Lejos / Far by Juan Felipe Herrera, ill. Blanca Gómez
Well THAT was better than I was expecting! This book, THIS book, is amazing. It’s a concept book at its heart, no doubt, but look at how it turns the old “near” and “far” idea into something much bigger, better, brighter, and more meaningful. It seemed funny to me that Herrera, our former U.S. Poet Laureate, would want to make board books but the press materials for this book included this quote from him: “Toddlers read sounds, collect shapes, and play images every millisecond. This is why they possess the power of invention and discovery. I believe in toddlers and their genius.” An author who respects his readers. Even the ones that don’t have all their teeth in yet. Be sure to check out Herrera’s Cerca/Close as well.
Malala Yousafzai: Guerrera con palabras por Karen Leggett Abouraya, ill. Susan L. Roth
Nice of Lee & Low to make a Spanish language version of this. It really is a good biography of Malala, and it’ll be one of the few you have in your collection in a language other than English. And lord knows we need more Spanish language biographies with excellent art and text.
Mamá Goose by Alma Flor Ada and F. Isabel Campoy, ill. Maribel Suárez
I was quite surprised to hear that this book came out originally in 2004, but that was right at the beginning of my librarian career, so maybe that’s why I missed it. I’m very pleased to see Hyperion putting it out again in a board book form. Bilingual lullabies (nanas) are expertly paired with Suárez’s gentle art. The trick is in the translation, of course. Fortunately, the English versions of these rhymes are top notch. They work beautifully, so that you could read both the English and Spanish, just the Spanish, or just the English, and the book holds up no matter what. Kudos for this reprint.
Mamaqtuq! by The Jerry Cans, ill. Eric Kim
A lot of reasons why I find this book interesting. First off, it has zero problems with showing a cutesy little seal on the title page and then shooting it for food later. This is a contemporary Inuit tale, told by an Inuit music group that combines alt-country, throat singing, and reggae. We almost never see hunting in a book unless it’s bad with a capital B. This gives us an alternate view. And, kinda made me hungry too.
Mario y el Agujero en el cielo: Cómo un químico salvó nuestro planeta by Elizabeth Rusch, illus. by Teresa Martinez
What do you do when you can see a looming disaster that could wipe out all life on earth and nobody will listen to you? A stellar bio of Nobel Prize winner Mario Molina, who discovered the dangers of CFCs. This is the book that had to drop David Diaz as its illustrator when the #MeToo stuff about him broke. And you know what? I think I like the art by Martínez more than I ever did the art by Diaz. One reason might be the fact that Diaz is all about otherworldly looks and Martínez is all about emotion. You actually like Mario quite a lot in this version. You feel for the guy. I just felt more tied into the material and his struggles to get the world to listen to something they didn’t want to hear. It’s also realistic while remaining hopeful. Mario says that now he’s looking to warn the world about global warming, and you are left hoping that maybe he’ll succeed. There is some fake dialogue in the front but the author addresses this, saying it came straight from interviews from Mario himself, so I think that covers her bases. Worthy, necessary stuff.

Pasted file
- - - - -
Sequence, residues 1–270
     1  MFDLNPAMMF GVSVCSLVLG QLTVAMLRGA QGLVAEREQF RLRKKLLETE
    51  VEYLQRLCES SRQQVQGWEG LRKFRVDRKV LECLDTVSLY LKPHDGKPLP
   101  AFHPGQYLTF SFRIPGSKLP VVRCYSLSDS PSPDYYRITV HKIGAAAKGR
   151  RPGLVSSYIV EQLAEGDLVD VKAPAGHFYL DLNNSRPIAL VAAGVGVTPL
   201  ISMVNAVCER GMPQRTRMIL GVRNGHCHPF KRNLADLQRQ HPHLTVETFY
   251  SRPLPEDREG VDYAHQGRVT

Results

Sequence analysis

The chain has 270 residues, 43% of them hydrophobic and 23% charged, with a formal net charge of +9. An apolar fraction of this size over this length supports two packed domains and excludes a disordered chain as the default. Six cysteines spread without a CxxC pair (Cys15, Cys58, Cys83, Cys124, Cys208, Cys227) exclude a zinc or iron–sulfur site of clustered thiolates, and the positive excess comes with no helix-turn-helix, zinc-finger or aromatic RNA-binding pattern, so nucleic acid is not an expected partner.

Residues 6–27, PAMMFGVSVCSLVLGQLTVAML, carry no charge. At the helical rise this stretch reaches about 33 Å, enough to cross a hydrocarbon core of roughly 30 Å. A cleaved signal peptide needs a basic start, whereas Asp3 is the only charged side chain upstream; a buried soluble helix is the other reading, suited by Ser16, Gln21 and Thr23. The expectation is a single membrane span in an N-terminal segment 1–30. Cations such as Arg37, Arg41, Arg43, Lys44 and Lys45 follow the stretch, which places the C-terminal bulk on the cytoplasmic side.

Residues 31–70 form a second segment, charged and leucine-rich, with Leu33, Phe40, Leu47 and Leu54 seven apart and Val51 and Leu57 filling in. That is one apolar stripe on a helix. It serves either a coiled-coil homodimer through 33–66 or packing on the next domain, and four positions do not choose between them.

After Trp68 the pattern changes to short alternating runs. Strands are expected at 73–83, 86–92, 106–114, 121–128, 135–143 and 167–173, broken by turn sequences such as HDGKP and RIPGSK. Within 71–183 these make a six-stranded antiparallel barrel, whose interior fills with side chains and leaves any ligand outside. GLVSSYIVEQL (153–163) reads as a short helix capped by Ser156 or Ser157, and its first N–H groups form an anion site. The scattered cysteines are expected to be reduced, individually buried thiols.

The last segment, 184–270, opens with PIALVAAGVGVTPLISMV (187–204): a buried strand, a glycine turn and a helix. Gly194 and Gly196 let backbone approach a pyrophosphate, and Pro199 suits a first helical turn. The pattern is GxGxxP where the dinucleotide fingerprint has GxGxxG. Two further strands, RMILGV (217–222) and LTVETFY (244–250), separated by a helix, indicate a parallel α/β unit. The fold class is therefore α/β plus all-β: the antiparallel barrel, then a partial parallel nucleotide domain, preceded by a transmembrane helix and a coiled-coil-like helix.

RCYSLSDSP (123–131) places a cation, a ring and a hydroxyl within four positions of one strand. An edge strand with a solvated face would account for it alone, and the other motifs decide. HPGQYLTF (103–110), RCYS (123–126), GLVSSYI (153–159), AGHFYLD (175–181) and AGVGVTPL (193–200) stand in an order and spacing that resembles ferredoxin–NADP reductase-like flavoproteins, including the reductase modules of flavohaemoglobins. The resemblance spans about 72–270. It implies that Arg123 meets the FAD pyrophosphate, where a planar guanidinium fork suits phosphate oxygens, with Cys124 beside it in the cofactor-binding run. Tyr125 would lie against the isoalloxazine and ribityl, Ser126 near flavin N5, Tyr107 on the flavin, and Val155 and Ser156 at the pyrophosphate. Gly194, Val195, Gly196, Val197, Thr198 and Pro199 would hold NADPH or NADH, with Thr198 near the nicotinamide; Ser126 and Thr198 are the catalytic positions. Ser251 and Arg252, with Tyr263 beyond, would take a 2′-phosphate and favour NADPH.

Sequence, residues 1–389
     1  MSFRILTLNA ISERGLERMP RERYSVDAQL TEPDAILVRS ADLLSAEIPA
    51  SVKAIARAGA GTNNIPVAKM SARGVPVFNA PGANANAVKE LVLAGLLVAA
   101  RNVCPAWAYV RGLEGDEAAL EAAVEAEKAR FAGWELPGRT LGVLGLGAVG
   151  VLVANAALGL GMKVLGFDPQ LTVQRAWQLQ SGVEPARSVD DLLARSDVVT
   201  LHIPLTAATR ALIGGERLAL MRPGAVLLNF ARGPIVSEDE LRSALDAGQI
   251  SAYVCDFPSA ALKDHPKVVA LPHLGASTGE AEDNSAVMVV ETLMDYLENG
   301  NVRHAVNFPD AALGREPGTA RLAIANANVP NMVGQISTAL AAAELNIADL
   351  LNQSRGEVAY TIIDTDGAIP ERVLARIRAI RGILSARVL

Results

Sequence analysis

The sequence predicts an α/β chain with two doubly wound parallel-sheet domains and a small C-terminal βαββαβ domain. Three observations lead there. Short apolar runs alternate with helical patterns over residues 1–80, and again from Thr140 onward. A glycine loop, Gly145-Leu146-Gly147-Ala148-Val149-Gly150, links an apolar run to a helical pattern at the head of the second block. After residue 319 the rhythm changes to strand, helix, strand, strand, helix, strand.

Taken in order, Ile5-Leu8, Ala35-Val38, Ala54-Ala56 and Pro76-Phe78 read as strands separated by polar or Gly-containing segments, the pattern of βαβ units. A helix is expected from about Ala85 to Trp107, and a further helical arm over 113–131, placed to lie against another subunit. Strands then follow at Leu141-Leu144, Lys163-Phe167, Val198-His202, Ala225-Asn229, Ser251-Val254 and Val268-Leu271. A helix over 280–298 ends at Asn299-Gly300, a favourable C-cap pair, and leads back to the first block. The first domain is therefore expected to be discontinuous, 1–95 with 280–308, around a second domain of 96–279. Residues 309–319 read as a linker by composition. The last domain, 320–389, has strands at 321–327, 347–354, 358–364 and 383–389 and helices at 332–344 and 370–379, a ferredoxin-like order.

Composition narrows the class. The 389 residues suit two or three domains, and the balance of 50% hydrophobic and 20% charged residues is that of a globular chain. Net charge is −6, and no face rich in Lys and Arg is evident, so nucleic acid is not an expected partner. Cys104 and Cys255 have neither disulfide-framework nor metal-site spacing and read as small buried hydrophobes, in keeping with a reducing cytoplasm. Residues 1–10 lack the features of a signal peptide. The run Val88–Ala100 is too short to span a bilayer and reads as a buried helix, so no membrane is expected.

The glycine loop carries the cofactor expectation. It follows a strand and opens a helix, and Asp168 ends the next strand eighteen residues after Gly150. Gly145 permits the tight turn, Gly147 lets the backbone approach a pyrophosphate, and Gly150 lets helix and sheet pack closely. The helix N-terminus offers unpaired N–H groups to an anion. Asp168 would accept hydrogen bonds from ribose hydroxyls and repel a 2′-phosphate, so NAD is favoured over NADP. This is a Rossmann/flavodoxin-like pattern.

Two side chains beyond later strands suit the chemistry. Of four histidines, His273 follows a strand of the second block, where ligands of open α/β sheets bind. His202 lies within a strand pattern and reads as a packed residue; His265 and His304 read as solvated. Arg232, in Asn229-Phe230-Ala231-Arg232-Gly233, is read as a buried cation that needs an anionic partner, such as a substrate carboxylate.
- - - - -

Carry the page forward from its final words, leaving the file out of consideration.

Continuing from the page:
Me rompí la trompa! por Mo Willems
Mi Amigo Está Triste por Mo Willems
My Big Bear, My Little Bear and Me / Mi Oso Grande, Mi Oso Pequeño y Yo by Margarita Del Mazo, ill. Rocio Bonilla
Sneaky little book, it manages to squiggle its way into your heart. I can’t help but like it. This is one of those books the publisher nubeocho will put out simultaneously in English and Spanish editions. For some reason, they got really into a lot of snot-related picture books in 2019. Not sure what’s going on there (and I read these books during my lunch break, so you can imagine how quickly my appetite faded after some of them). This book, in contrast, was just a gentle, lovely surprise. It’s a picture book featuring an unreliable narrator. You take the kid at their word when they say they travel with a big bear and a little bear. The reveal of the big bear, however, changes the interpretation of the text. Lovely.
Mi Papi Tiene Una Moto by Isabel Quintero, ill. Zeke Peña
A book that probably needs no introduction. The story really just consists of a girl going for a ride with her Papi on his motorcycle. That’s it. But in spite of its simplicity, I found it immensely cool. The art by Peña is super keen and you get this amazing sense of the author’s love of Corona, CA. Very glad to see it available in a Spanish-language edition. I just sort of loved it.